Animation

Specification
Animation
4K – 3840 X 2160
Symmetry Group [SG]
32-fold, 16 tiles
Symmetry of Form
Tower Top: 2-fold, 4-fold,
8-fold symmetries;
Tower Sections: 8-fold
Form Group
Compositions
Seed
(1-15)X2*
Motif(s)
Unknown
Motif(s) Angle(s)
?
Number of Tiers
Not Applicable
SG – Tiles Used
Top: 1, 3 – 5, 7 – 9, 11 – 13,
15, 16, (NOT 2, 6, 10 or 14)
Tower Sections: 1, 3 – 5,
7 – 15, (NOT 2, 6, or 16)
Edge Type
Curved, 60° arc with top tangent to plan view plane

* On this page.

Description

Tower muqarnas sheathed with mogharnas / muqarnas. Multi-story elements are repeated (stacked) three times. Each stacking element is rotated 22.5° relative to the ones above and below. Displays mirror symmetry (MS), including 2-fold MS, 4-fold MS, and 8-fold MS. the 22.5° rotation of stacked elements implies a hidden 16-fold symmetry.
 
My mogharnas 3D tile set is derived from the 32-fold division of the circle and contains 16 distinct elements. (See Mogharnas Seed, right image.) Many of my muqarnas compositions use all 16 3D ’tiles’. This one uses only 14 of the 16 unique tiles.

Stacking

Stacking Potential of the Tower Muqarnas
Stacking Potential of the Tower Muqarnas

Stacking Details

Top (or Crown) of the Tower Muqarnas
Top (or Crown) of the Tower Muqarnas

Segment A of the Tower Muqarnas
Segment A of the Tower Muqarnas

Segment B of the Tower Muqarnas
Segment B of the Tower Muqarnas

These are views of the elements comprising the tower. The top or crown of the tower is shown on the left. It joins seamlessly to the top stacking element. The right two images show the stacking element(s) with a 22.5° rotation about the vertical axis relative to each other. Without this rotation the stacking elements would not join seamlessly to each other. This 22.5° rotation amounts to 1/16th of the circumference and indicates a hidden 16-fold symmetry. Stacking elements are geometrically identical (except for rotation and translation).

Mogharnas Seed

The muqarnas seed for this form is 1-15 X2. See image below. Its top or crown uses all except the four muqarnas tiles, #2, #6, #10, & #14. The stacking element uses all but two the muqarnas tiles, #2 & #6. In the development of other mogharnas forms one or more strict rules were used to determine muqarnas tile or muqarnas motif placement. Here I made decisions about tile placement based upon aesthetic criteria supported by geometric integrity.
 
For more information on muqarnas seeds please see this page of my site.

Views of the Muqarnas Seed of the Tower Muqarnas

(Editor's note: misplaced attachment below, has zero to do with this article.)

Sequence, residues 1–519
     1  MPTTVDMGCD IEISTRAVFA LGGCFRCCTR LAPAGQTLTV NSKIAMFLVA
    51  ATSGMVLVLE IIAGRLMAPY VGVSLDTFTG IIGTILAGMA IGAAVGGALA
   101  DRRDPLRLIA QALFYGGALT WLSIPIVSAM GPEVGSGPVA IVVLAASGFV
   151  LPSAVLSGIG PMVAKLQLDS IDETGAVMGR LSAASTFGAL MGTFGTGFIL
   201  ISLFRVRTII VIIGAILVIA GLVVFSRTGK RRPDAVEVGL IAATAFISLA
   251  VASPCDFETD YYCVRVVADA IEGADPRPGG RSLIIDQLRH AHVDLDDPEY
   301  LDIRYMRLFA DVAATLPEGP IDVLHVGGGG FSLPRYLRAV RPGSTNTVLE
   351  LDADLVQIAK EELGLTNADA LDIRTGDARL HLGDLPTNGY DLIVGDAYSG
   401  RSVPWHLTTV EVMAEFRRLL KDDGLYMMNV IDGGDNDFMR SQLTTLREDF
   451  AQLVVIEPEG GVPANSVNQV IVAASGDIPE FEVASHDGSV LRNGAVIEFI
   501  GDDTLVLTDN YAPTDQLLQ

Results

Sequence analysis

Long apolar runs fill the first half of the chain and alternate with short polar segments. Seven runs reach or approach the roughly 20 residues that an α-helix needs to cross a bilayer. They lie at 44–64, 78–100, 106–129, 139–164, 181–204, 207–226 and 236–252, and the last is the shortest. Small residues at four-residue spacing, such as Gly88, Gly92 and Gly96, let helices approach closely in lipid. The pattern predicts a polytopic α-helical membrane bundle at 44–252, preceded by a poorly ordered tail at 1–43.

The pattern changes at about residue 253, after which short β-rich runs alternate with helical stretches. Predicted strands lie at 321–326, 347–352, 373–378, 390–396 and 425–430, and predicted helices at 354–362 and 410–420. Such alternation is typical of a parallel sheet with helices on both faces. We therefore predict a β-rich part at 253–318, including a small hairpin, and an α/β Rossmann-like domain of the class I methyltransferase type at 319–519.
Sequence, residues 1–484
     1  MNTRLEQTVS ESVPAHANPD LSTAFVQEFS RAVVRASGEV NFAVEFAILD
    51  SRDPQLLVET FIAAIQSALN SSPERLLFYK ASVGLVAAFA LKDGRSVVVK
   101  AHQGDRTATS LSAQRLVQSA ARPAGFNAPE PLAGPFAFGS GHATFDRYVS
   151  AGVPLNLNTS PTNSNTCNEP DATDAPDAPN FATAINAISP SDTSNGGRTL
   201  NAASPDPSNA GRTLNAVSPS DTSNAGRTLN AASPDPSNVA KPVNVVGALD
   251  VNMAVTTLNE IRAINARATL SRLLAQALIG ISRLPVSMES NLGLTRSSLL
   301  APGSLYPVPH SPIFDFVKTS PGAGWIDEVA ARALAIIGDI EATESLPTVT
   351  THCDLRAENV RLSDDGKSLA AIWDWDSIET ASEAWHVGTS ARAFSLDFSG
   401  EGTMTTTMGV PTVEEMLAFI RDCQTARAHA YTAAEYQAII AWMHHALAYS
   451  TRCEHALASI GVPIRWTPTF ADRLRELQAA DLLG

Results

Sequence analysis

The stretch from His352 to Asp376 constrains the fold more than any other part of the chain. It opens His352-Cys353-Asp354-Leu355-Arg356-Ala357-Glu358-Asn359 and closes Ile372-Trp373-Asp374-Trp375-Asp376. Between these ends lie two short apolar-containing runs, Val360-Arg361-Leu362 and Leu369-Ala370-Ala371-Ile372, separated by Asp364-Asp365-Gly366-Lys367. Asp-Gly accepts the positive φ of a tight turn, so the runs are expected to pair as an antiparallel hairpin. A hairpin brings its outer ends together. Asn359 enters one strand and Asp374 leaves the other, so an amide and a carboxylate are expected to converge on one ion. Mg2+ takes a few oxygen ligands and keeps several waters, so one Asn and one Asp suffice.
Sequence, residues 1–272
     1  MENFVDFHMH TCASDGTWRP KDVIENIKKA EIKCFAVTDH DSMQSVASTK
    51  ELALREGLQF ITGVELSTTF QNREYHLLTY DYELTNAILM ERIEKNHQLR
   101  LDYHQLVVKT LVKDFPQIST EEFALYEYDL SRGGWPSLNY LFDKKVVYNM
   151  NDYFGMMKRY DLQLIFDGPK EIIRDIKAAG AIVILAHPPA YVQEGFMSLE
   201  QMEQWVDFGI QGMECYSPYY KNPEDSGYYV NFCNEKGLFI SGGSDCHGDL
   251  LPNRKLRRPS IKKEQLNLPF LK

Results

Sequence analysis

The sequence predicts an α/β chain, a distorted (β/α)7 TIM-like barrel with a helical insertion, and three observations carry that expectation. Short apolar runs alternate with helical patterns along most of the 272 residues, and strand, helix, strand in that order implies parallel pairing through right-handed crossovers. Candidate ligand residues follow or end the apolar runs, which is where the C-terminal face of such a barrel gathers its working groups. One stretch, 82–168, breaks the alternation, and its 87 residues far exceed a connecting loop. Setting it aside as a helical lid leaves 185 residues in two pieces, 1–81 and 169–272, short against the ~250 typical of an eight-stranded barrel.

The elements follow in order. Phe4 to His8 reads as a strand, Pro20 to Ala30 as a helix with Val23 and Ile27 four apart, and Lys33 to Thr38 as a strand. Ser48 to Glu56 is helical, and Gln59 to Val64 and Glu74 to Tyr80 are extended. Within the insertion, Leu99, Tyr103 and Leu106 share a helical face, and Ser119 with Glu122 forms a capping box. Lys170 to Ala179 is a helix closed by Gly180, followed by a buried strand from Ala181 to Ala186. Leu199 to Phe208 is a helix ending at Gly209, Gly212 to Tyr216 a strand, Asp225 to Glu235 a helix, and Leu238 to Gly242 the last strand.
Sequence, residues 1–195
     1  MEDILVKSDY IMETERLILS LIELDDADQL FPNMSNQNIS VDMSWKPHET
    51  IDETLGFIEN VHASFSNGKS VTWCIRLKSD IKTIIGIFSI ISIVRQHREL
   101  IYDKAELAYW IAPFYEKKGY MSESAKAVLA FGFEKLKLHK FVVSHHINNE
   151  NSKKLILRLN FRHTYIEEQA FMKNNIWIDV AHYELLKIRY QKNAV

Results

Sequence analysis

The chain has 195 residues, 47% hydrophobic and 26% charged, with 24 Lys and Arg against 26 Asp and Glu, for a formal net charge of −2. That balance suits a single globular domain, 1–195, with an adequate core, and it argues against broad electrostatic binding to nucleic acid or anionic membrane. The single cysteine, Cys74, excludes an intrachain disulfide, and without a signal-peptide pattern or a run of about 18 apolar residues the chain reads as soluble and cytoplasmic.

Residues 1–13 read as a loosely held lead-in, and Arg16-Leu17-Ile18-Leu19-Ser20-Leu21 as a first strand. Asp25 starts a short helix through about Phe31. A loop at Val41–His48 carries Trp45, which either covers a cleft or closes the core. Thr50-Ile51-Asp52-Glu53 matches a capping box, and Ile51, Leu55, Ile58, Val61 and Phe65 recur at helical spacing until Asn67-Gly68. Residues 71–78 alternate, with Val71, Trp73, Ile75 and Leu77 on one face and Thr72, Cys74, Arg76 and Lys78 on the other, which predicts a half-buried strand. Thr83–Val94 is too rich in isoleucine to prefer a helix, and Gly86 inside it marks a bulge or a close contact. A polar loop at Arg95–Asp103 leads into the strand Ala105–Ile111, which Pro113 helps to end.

Views of the Muqarnas Seed of the Tower Muqarnas

3D View of the 16 Muqarnas Tiles of the 32-gon
3D View of the 16 Muqarnas Tiles of the 32-gon
Plan View Angle of the Top & Bottom Points

Methodless Method

For this tower form I made a series of arbitrary choices that seemed right. Along the way some of those choices forced me to back out in order to get closer to an unrealized and unknown form. See image below. The form (below left) was too predictable, too regular and led nowhere but to an ever larger umbrella shape. So I ditched it. This is an example of my reasons for tearing out part of the nascent shape(s) on the way to a final form, which was unrelated to much of the geometry along the way. It is rather like sketching something unseen and is initially approached by what it isn’t. Each time one throws away some of what it isn’t, the true form begins to be known.
 
As shown by example below, many of these choices required removing much work while chasing various spatial ideas. What began as an idea for a muqarnas interpretation of a straight roofline went through various re-conceptions before finally emerging as tower sheathed in muqarnas made of a stacking element crowned with a top. Muqarnas make poor followers (they rarely do what you want). Equally, muqarnas are difficult to follow. They would probably be much better behaved under under someone with much greater math skills than myself.
 
The most difficult part was making the lower element stackable. I have tried on various other occasions to make columns out of muqarnas, without success. I can only attribute solving the problem here to blind luck. Rotating when stacking was the key in the proverbial lock. It’s rather like Blake in his Proverbs of Hell, “If the fool would persist in his folly he would become wise.”

Before Correction
Before Correction

Corrected
Corrected

After Correction
After Correction

Color Variants

A variety of material colors / properties and material color / property combinations which were considered prior to the final animation render.

Black Gold Silver variant #1 of Tower Muqarnas
Black Gold Silver variant #1 of Tower Muqarnas

Black Gold Silver variant #2 of Tower MuqarnasBlack Gold Silver variant #2 of Tower Muqarnas

Black Gold variant of Tower Muqarnas
Black Gold variant of Tower Muqarnas

Silver Gold variant of Tower Muqarnas
Silver Gold variant of Tower Muqarnas

Black variant of Tower Muqarnas
Black variant of Tower Muqarnas

Gold variant of Tower Muqarnas
Gold variant of Tower Muqarnas

Silver variant of Tower Muqarnas
Silver variant of Tower Muqarnas

White variant of Tower Muqarnas
White variant of Tower Muqarnas

Final Note

As a final note, I make no claim to be a sculptor, or any kind of artist. Nonetheless I have created sculpture in a variety of media with a variety of techniques. Please see examples here. I am familiar with additive and subtractive approaches. This mogharnas composition utilizes both the additive and subtractive approaches. When I went too far in a direction it resulted in waste which had to be removed.
 
Below is an earlier, smaller barrel shaped muqarnas form..
 
Thank you, Phil, for your material help in this project.

Earlier Barrel Muqarnas
Earlier Barrel Muqarnas